Researchers have discovered an interesting new method for exhausted students to relax and relieve themselves of stress-related headaches.
Teenagers report higher levels of stress than adults, and cite school as the highest contributing factor, according to the American Psychological Association‘s annual report. A summary from 2013 concluded that while stress among Americans was not new, “what’s troubling is the stress outlook for teens in the United States.”
In response, some schools have recently turned to mindfulness-based programs as a way to alleviate stress among their students. These programs could benefit from more research into what activities students find most useful.
In a pilot study led by the University of Washington, researchers explored art-based mindfulness activities that schools could use to reduce headaches, a common side effect of stress in adolescent girls.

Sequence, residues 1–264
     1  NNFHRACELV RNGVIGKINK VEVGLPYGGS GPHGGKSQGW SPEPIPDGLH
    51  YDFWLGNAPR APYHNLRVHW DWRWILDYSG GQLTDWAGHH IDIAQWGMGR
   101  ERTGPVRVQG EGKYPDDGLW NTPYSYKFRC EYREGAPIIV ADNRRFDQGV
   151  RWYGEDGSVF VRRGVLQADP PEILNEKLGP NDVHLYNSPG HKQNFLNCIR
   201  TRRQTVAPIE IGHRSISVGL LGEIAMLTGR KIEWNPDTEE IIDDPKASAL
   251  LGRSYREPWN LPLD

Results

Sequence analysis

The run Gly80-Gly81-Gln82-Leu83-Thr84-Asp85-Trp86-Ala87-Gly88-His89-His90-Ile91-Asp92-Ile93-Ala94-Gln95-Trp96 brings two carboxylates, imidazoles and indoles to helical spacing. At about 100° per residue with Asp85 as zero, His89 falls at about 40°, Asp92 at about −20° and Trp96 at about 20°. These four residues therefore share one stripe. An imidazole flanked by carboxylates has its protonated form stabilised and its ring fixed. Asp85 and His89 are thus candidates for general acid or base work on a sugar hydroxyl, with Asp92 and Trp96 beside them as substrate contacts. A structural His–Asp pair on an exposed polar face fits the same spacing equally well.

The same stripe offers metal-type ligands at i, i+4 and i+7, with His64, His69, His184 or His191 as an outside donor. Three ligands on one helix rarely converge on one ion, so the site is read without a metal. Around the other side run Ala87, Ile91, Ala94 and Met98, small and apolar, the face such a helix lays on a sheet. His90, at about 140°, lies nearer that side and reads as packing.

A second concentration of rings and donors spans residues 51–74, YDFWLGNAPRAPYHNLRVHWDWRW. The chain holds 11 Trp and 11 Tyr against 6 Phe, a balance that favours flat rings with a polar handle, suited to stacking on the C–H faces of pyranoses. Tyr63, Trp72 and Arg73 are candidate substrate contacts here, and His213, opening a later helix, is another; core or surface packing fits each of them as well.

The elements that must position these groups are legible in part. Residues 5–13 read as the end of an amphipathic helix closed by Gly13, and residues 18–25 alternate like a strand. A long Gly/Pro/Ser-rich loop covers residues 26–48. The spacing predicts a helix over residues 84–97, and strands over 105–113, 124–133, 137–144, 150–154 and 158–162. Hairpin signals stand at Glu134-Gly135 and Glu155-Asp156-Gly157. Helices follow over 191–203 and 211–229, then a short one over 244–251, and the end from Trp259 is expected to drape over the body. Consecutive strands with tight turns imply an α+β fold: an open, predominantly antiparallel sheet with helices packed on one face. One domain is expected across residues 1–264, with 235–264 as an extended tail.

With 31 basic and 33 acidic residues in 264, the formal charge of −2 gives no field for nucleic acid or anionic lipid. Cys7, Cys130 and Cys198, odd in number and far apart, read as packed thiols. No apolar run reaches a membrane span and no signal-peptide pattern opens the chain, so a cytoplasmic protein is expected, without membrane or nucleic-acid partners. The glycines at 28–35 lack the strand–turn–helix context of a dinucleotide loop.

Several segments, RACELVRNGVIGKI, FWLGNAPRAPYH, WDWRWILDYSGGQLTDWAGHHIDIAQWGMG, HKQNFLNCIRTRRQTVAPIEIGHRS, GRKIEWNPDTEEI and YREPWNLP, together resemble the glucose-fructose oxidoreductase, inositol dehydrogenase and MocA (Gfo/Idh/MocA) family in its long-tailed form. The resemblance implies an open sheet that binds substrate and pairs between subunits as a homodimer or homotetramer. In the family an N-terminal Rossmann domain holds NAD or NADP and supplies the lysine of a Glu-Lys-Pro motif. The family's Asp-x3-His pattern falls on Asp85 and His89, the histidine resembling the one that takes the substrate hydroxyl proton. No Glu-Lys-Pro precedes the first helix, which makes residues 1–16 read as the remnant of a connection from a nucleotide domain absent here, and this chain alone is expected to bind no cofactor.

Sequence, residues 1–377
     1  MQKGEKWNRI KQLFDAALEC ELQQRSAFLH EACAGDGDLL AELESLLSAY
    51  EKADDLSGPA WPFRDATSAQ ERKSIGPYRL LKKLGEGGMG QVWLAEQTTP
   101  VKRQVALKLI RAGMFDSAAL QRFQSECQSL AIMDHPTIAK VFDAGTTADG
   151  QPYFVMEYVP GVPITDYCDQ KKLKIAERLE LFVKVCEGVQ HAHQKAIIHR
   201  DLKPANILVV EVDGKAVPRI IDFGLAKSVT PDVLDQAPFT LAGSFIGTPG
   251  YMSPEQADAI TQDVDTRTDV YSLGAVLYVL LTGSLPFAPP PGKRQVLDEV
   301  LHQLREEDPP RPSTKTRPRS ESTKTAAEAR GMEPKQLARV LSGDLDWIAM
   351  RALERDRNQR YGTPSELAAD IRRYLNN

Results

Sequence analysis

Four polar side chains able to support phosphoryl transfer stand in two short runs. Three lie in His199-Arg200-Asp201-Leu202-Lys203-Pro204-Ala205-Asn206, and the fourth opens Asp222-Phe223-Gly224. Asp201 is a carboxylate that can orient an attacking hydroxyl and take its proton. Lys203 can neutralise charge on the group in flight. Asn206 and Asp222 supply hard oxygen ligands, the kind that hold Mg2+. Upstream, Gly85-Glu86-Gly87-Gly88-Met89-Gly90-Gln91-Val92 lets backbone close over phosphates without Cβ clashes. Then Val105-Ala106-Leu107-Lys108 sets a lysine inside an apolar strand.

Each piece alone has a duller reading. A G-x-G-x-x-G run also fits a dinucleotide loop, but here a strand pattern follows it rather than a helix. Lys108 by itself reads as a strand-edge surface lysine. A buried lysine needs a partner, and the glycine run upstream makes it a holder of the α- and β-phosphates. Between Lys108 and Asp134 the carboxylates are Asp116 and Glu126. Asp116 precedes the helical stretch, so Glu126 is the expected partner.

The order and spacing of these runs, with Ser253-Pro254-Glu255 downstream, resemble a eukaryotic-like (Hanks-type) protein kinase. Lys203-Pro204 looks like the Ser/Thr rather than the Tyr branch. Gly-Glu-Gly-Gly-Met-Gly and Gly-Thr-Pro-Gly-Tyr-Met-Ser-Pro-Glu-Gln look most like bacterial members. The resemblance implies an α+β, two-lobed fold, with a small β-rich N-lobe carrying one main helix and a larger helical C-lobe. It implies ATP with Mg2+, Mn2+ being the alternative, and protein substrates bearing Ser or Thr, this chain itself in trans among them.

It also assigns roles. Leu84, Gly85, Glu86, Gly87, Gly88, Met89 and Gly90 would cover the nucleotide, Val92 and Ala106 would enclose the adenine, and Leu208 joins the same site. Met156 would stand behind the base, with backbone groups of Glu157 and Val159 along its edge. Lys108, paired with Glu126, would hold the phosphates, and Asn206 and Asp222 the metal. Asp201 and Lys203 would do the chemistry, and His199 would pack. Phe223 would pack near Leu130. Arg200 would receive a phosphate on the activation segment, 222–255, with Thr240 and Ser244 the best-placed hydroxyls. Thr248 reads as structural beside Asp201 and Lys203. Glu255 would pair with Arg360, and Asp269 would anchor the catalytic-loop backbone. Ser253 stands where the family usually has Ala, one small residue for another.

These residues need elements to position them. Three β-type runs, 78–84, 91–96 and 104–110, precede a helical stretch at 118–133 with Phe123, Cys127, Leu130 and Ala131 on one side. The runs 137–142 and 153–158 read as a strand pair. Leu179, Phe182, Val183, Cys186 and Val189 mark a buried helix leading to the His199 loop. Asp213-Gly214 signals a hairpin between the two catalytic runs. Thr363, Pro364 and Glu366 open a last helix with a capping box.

After three weeks of twice-weekly mindfulness and art therapy sessions, the girls reported experiencing significantly fewer headaches. At the beginning of the study, the girls reported 7.38 headaches, on average, within the previous two-week period. At the end of the study, that number had dropped to 4.63 — almost a 40% decrease. This drop remained even seven weeks after the study had ended. The researchers published their findings in the journal Art Therapy.
While the teens experienced fewer headaches after the study ended, their overall stress levels didn’t change much—but the students reported feeling better in the moment, saying that they felt like they could handle whatever happened for the rest of the day.
University of Washington